OTTAWA – Some local TV stations will be forced to close and more than 30,000 people could lose their jobs if Canada’s broadcast regulator adopts changes it wants Canadians to consider, says a broadcast industry watchdog group.
The Canadian Radio-television and Telecommunications Commission proposed new regulations this week that would, among other things, allow consumers to pick the individual channels they want from cable and satellite service providers.
The so-called “pick-and-pay” option would come on top of a trimmed-down mandatory service, a “skinny basic” package of local and mostly Canadian content that’s also being proposed by the CRTC.
In a document released Thursday, the regulator suggested a cap of between $20 and $30 could be imposed on basic TV packages.
The CRTC also proposed banning service providers from airing Canadian advertising over simulcast American programming — what’s known in the industry as simultaneous substitution.
Friends of Canadian Broadcasting warns that the combined measures, if enacted, could force up to 19 TV stations to shut their doors.
“The CRTC’s proposed changes would be a recipe for station closure and a body blow to Canadian programming,” Friends spokesman Ian Morrison said in a statement provided to The Canadian Press.
“They would make it tougher to meet the worthy objectives of the Broadcasting Act which the CRTC is required to uphold.”
The group estimates that, by 2020, the changes as laid out would result in the loss of 31,460 jobs, with more than 13,000 being chopped from the broadcasting and production industries alone.
For the Canadian economy, it would be a $2.9-billion blow, the group warned.
The CRTC stresses that its proposed changes are not set in stone, but are simply a framework for public consultations that have been extended until mid-September.
But if the changes were to be enacted, the Coalition of Small Market Independent Television Stations, known as SMITS, has said in a submission to the regulator that the proposals “put in question the very viability of SMITS across Canada.”
“This is not a threat, it is a reality,” said the coalition, which represents 19 independent stations.
TV broadcasters in some of the country’s smallest markets warn that they are vulnerable, particularly in Kamloops, B.C., Medicine Hat and Lloydminster, Alta., Thunder Bay, Ont., and Riviere du Loup, Que.
Bell Media’s CTV2 network of stations in Victoria, B.C., London, Ottawa, Barrie and Pembroke, Ont., are also said to be at risk.
In a recent submission to the CRTC, a group of 21 small stations estimated that they were already under financial stress.
They indicated that their combined profit margins had fallen from just under 15 per cent in 2006 to slightly more than four per cent by 2011.
The potential end of simultaneous substitution may mean that Canadian viewers can watch American ads on TV, but it would cause significant harm to small market TV stations in Canada, said Morrison.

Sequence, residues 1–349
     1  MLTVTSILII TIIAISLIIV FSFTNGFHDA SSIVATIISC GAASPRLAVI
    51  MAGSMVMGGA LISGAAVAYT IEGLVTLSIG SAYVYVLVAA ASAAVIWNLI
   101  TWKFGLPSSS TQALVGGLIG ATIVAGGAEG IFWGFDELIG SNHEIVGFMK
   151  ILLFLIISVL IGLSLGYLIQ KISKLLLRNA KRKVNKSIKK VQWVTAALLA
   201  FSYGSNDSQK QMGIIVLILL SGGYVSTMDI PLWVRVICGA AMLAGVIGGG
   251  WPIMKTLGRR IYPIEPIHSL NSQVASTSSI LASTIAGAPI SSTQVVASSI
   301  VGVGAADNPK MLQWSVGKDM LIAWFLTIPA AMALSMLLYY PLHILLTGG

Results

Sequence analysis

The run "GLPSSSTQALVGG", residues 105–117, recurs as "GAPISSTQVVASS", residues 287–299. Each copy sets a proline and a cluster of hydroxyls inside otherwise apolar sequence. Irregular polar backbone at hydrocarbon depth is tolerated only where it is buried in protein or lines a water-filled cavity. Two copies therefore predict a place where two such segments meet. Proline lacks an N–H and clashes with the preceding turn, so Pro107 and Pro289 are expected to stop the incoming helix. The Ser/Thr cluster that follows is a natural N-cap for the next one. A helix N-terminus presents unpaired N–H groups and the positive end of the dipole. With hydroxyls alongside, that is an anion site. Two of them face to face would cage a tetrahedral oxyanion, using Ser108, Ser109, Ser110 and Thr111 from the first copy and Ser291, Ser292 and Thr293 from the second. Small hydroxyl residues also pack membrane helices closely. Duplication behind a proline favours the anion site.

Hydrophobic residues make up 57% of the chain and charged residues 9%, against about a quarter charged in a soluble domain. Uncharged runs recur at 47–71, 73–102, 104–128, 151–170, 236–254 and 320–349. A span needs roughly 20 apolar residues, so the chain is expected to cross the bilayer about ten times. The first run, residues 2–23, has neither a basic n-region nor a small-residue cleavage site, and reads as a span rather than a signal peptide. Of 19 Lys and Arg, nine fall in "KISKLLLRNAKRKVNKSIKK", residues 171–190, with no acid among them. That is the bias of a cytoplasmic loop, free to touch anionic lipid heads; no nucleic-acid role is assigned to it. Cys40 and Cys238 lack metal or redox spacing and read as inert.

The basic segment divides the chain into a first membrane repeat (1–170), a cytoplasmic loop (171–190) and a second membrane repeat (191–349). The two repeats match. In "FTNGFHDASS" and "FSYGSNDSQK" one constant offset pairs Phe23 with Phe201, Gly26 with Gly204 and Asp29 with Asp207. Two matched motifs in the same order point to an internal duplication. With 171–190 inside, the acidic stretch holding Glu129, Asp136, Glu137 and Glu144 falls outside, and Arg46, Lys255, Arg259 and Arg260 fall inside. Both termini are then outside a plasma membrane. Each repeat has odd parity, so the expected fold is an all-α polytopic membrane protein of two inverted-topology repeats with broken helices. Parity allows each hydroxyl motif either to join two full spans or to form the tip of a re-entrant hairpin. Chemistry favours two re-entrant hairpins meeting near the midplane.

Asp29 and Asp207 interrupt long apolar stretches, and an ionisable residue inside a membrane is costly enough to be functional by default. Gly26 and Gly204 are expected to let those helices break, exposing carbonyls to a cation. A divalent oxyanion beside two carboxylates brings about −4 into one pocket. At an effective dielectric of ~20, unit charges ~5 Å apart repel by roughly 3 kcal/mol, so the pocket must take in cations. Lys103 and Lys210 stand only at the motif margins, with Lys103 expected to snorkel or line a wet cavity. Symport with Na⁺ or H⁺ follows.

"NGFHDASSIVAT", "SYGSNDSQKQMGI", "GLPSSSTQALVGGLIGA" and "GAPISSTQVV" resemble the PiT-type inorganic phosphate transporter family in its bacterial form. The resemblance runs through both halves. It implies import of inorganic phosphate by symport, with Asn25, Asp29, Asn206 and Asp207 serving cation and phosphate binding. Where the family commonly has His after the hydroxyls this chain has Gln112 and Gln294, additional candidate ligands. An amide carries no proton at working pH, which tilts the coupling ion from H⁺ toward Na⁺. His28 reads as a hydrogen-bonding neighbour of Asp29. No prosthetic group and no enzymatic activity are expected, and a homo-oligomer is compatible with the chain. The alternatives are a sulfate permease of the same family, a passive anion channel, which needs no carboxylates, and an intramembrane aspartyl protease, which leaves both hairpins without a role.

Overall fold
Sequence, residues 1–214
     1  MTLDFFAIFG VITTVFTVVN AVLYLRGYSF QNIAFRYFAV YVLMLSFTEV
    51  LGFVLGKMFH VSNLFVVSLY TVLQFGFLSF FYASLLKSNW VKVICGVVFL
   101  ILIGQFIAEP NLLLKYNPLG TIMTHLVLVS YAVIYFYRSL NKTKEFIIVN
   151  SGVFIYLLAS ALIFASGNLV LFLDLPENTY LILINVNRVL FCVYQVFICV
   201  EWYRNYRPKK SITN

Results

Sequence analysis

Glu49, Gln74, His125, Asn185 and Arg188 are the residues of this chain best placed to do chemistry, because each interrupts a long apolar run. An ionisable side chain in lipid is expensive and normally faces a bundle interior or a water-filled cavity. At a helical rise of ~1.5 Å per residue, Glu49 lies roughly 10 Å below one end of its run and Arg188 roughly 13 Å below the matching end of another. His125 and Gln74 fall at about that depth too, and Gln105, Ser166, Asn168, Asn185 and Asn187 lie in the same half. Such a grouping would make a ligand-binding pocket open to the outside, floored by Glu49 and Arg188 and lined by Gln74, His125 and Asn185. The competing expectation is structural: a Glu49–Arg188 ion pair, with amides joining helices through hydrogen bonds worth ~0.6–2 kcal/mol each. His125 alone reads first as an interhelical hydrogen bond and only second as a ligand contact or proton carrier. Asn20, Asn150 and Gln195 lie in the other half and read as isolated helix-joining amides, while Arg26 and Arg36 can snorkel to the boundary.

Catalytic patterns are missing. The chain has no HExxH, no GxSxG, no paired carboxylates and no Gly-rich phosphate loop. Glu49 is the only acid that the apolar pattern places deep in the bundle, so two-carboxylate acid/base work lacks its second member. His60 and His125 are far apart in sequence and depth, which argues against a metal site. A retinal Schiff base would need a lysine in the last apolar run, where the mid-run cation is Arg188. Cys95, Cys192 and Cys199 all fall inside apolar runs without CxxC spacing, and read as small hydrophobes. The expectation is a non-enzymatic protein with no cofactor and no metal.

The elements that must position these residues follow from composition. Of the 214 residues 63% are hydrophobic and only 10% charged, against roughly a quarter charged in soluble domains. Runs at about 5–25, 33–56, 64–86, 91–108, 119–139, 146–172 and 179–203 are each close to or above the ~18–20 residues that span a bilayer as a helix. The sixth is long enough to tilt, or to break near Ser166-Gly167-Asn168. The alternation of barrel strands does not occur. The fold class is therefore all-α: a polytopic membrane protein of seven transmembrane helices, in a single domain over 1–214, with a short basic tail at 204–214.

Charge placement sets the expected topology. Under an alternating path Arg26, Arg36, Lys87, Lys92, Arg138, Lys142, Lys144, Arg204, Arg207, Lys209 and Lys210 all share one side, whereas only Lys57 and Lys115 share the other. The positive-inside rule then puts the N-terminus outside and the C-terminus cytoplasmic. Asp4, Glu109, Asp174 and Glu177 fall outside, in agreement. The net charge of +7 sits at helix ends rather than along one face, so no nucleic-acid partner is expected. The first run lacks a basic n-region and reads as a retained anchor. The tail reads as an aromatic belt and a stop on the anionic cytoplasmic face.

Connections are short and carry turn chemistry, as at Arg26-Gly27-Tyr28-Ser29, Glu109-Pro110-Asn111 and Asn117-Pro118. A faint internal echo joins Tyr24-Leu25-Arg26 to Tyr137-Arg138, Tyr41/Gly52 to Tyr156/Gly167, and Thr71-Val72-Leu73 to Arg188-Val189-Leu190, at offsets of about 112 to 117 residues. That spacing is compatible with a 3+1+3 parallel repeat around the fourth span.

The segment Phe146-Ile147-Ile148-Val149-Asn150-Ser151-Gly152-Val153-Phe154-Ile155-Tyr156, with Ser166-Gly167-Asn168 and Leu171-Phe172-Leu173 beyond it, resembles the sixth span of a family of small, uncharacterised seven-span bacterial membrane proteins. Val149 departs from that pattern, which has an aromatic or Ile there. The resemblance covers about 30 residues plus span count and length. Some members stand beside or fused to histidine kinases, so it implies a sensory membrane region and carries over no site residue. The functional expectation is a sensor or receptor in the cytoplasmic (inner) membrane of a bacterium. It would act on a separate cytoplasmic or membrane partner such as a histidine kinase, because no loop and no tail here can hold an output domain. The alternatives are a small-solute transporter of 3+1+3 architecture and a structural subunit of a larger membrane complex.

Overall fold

Complaints about viewers not being able to see U.S. advertising are usually the loudest when big sporting events such as the Super Bowl are aired.
But Canadian TV stations rely on local commercial revenue to pay for the rights to broadcast such events, and losing the ability to air Canadian ads over the American ones would come at a hefty cost.
“Simultaneous substitution is a fundamental underpinning of all Canadian broadcasting,” said Morrison.
“The loss of simulcast would jeopardize … the viability of many local TV stations across the country, especially those in smaller markets.”
The CRTC is proposing two options for ending the practice: getting rid of simultaneous ads altogether, or disallowing them only during live event broadcasts.
While Friends supports the continuation of simultaneous substitution, Morrison argues that CBC English TV should not be airing advertising at all — a stand that seems to run counter to the CBC’s recent drive for more ad revenues as it struggles through a financial crisis.
“But getting out of the ad business would be the first and necessary bold step toward saving CBC from itself and developing a truly distinctive offering,” Morrison argues.
His group recommends the CRTC redirect money to the CBC that the cable and satellite companies currently pay into a fund to create community programming.
The group has also proposed the CRTC force new media companies such as Netflix to pay to prop up the Canadian broadcasting system, a measure that it estimates could eventually add $150 million annually to the CBC’s bottom line.
“Rather than gutting the underpinnings of a great system, the CRTC should support Canadian programming, strengthen diversity in the system, and use its authority to affirm the cornerstone place of the CBC,” Morrison said.